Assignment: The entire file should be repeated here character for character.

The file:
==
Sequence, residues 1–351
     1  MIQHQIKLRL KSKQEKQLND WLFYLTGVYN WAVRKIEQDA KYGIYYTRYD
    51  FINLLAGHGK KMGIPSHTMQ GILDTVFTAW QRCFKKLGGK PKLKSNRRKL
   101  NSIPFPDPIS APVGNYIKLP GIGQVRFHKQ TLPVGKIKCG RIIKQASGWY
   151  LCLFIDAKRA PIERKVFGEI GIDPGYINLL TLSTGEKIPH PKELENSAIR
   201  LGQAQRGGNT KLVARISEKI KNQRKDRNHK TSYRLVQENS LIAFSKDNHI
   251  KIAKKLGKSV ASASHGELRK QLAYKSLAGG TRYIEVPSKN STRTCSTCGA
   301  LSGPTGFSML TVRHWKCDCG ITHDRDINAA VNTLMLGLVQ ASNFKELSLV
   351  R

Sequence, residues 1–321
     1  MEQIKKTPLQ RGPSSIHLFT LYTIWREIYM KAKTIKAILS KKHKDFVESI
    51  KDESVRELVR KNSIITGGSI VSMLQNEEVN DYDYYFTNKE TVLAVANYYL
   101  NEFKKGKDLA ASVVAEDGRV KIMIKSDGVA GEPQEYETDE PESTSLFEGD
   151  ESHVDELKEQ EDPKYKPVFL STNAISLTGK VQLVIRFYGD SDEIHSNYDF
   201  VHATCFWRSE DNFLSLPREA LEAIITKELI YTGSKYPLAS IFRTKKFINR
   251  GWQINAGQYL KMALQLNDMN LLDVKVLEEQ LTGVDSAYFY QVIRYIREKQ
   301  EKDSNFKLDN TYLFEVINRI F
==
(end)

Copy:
Sequence, residues 1–351
     1  MIQHQIKLRL KSKQEKQLND WLFYLTGVYN WAVRKIEQDA KYGIYYTRYD
    51  FINLLAGHGK KMGIPSHTMQ GILDTVFTAW QRCFKKLGGK PKLKSNRRKL
   101  NSIPFPDPIS APVGNYIKLP GIGQVRFHKQ TLPVGKIKCG RIIKQASGWY
   151  LCLFIDAKRA PIERKVFGEI GIDPGYINLL TLSTGEKIPH PKELENSAIR
   201  LGQAQRGGNT KLVARISEKI KNQRKDRNHK TSYRLVQENS LIAFSKDNHI
   251  KIAKKLGKSV ASASHGELRK QLAYKSLAGG TRYIEVPSKN STRTCSTCGA
   301  LSGPTGFSML TVRHWKCDCG ITHDRDINAA VNTLMLGLVQ ASNFKELSLV
   351  R

Sequence, residues 1–321
     1  MEQIKKTPLQ RGPSSIHLFT LYTIWREIYM KAKTIKAILS KKHKDFVESI
    51  KDESVRELVR KNSIITGGSI VSMLQNEEVN DYDYYFTNKE TVLAVANYYL
   101  NEFKKGKDLA ASVVAEDGRV KIMIKSDGVA GEPQEYETDE PESTSLFEGD
   151  ESHVDELKEQ EDPKYKPVFL STNAISLTGK VQLVIRFYGD SDEIHSNYDF
   201  VHATCFWRSE DNFLSLPREA LEAIITKELI YTGSKYPLAS IFRTKKFINR
   251  GWQINAGQYL KMALQLNDMN LLDVKVLEEQ LTGVDSAYFY QVIRYIREKQ
   301  EKDSNFKLDN TYLFEVINRI F